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Borges and Space

Series:

Bill Richardson

This book examines the relevance of the concepts of space and place to the work of Jorge Luis Borges. The core of the book is a series of readings of key Borges texts viewed from the perspective of human spatiality. Issues that arise include the dichotomy between ‘lived space’ and abstract mapping, the relevance of a ‘sense of place’ to Borges’s work, the impact of place on identity, the importance of context to our sense of who we are, the role played by space and place in the exercise of power, and the ways in which certain of Borges’s stories invite us to reflect on our ‘place in the universe’. In the course of this discussion, crucial questions about the interpretation of the Argentine author’s work are addressed and some important issues that have largely been overlooked are considered. The book begins by outlining cross-disciplinary discussions of space and place and their impact on the study of literature and concludes with a theoretical reflection on approaches to the issue of space in Borges, extrapolating points of relevance to the theme of literary spatiality generally.

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Introduction 1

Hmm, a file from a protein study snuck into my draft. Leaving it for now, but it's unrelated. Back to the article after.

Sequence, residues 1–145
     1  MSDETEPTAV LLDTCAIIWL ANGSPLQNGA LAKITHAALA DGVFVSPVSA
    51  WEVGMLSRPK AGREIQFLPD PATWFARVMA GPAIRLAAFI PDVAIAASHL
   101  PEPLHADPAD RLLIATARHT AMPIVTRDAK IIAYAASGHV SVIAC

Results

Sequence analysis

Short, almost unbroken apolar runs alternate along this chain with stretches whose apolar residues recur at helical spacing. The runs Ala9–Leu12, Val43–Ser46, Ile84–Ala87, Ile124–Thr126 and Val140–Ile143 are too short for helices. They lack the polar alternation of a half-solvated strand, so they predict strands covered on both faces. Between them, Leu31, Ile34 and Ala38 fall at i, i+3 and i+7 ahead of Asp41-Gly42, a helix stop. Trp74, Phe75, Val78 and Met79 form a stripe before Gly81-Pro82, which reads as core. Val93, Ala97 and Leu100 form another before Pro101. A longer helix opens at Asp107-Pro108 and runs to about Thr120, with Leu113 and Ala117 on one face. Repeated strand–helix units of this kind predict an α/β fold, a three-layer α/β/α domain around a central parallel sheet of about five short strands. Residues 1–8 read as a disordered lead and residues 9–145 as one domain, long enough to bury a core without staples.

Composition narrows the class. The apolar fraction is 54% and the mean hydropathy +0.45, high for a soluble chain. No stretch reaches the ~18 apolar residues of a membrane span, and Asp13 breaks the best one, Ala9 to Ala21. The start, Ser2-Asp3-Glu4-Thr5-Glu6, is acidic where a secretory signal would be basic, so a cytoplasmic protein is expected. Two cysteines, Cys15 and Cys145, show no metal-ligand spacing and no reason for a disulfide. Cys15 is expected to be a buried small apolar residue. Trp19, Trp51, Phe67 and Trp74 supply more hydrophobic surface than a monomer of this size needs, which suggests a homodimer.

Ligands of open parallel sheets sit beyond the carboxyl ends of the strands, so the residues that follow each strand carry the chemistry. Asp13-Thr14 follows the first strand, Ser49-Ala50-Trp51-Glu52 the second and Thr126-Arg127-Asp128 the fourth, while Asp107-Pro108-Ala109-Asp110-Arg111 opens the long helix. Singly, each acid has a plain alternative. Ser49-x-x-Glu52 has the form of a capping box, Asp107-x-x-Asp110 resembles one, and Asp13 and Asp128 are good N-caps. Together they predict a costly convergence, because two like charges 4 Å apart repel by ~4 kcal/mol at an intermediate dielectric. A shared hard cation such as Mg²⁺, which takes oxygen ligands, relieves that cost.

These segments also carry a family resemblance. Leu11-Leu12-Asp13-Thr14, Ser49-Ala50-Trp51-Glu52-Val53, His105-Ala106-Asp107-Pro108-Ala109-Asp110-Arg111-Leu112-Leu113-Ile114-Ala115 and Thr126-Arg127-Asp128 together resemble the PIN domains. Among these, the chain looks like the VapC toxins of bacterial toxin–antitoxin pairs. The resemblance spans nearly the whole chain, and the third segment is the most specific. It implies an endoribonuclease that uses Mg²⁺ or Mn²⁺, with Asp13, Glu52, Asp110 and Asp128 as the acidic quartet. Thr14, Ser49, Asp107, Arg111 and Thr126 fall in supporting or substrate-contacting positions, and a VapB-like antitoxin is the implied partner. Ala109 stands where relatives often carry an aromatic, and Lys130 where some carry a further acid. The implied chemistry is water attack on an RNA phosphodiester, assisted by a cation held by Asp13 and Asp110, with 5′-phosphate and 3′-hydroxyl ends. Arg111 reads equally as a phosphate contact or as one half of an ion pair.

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1 and argues that spatiality for humans cannot be a question of mere physi- cal juxtaposition of entities or establishing a set of coordinates in order to identify locations. Rather, human beings live within a network of relations that carry meanings linked to the social structures of power: [W]e do not live in a kind of void, inside of which we could place individuals and things. We do not live inside a void that could be colored by diverse shades of light, we live inside a set of relations that delineates sites which are irreducible to one another and absolutely not superimposable on one another. (Foucault 1986: 23) Foucault’s concern with the social dimension of space and with the spatial dimension of power in society led him to explore the many ways in which social space has been controlled at dif ferent times in history. He also dis- cusses how space has been historically divided into real space, utopias and what he called ‘heterotopias’. By the latter he means places beyond the realm of everyday locations but that are places opened out to other places, and that allow communication between dif ferent spaces, by which he means: real places – places that do exist and that are formed in the very founding of soci- ety – which are something like counter-sites, a kind of ef fectively enacted utopia in which the real sites, all the other real sites that can be found within the culture, are simultaneously represented, contested, and inverted....

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